Viewing Angles, Uniformity, Response And Lag
To learn how we measure screen uniformity, please click here.
Most of our IPS monitors look like the above. While their off-axis performance easily bests TN and AMVA screens, they are still LCD panels and are therefore displaying polarized light. To the sides we can plainly see a green shift and around 50 percent light reduction with no loss of detail. From above, there is less change in color, but detail will be harder to distinguish due to an altered gamma. Make no mistake though, this monitor looks great from any reasonable angle, and users will have no trouble positioning it for optimal performance.
Screen Uniformity: Luminance
We ran these tests with uniformity compensation off and set to the third of five positions. Even though it raises the black level slightly there is almost no change in black field uniformity.
Here’s the white field measurement.
White field uniformity goes from excellent to record-breaking when compensation is active. But the real reason to consider using the feature is yet to come.
Screen Uniformity: Color
That .05 range of values is not a typo. We ran the test five times to be sure of the result. It’s not just a little better than every monitor we’ve ever tested; it’s the winner by a huge margin. We can’t imagine this record ever being broken. Still, a 2.14dE result is nothing to be ashamed of. It’s still invisible to the eye. But if you want the most perfectly uniform screen on the planet, the NEC PA302W is it.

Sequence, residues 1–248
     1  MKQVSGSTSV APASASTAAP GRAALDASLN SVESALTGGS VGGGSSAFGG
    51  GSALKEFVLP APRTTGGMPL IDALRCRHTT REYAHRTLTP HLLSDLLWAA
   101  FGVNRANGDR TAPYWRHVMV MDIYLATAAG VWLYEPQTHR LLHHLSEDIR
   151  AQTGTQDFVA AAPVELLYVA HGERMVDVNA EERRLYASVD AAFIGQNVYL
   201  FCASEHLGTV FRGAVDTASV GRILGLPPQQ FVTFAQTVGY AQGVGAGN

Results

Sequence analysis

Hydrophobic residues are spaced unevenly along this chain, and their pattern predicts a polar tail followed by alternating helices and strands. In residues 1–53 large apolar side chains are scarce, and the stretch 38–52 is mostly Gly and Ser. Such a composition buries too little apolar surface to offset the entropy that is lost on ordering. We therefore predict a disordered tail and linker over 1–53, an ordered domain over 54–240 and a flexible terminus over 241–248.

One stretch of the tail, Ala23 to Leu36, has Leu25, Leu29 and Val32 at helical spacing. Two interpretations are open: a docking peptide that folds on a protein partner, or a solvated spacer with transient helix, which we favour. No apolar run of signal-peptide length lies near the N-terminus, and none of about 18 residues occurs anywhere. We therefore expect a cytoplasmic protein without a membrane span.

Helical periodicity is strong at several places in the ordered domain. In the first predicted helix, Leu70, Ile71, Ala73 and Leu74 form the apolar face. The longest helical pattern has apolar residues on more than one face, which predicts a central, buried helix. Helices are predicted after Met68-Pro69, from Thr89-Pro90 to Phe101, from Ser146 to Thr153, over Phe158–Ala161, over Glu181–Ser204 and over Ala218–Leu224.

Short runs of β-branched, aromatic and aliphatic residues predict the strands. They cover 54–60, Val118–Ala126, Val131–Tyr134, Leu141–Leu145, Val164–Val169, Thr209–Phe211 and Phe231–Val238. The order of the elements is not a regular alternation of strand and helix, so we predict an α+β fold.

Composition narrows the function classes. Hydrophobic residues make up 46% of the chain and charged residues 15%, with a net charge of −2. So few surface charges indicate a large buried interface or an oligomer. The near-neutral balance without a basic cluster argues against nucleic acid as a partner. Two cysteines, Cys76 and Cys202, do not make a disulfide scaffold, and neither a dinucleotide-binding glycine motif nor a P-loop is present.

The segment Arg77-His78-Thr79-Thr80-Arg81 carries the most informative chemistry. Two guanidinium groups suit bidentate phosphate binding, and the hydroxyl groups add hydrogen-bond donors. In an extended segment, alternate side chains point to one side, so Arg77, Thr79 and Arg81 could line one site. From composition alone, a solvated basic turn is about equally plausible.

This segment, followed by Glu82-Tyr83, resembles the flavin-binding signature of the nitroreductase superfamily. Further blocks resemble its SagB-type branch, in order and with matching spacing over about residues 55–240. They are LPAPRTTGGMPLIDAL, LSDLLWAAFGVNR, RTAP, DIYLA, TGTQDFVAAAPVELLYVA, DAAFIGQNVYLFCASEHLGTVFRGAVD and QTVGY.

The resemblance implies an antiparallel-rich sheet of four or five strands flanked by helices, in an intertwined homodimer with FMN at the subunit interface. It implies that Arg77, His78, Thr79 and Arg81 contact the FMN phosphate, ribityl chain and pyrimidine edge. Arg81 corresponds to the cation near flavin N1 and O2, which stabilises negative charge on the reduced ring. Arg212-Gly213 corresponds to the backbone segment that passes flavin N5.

Remember that these results are sample specific. Other PA302Ws may measure differently in screen uniformity tests.
Pixel Response And Input Lag
Please click here to read up on our pixel response and input lag testing procedures.
Gamers with $2000 to spend on a monitor are unlikely to consider the PA302W. But it’s nice to know that if you want to engage in a little fragging during work breaks, you won’t be plagued by excessive motion blur or overdrive ghosting. Motion processing is perfectly competent here, and only a refresh rate above 60Hz could improve upon any of the above results.
Here is the lag test.
Gamers with quick reflexes will likely be hampered by 79ms of input lag, but my less-nimble fingers had no problems playing titles like Battlefield 4 and Crysis 3. Of course, all of these games look better on a high-Hz screen with adaptive refresh, but I still had fun blowing away a few computer-generated enemies.